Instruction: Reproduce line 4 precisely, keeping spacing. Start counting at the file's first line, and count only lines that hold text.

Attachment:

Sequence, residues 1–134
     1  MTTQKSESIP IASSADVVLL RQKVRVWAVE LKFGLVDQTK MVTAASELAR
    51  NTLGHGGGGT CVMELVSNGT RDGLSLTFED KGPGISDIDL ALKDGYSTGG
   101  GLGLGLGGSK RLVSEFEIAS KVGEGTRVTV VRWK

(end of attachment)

   101  GLGLGLGGSK RLVSEFEIAS KVGEGTRVTV VRWK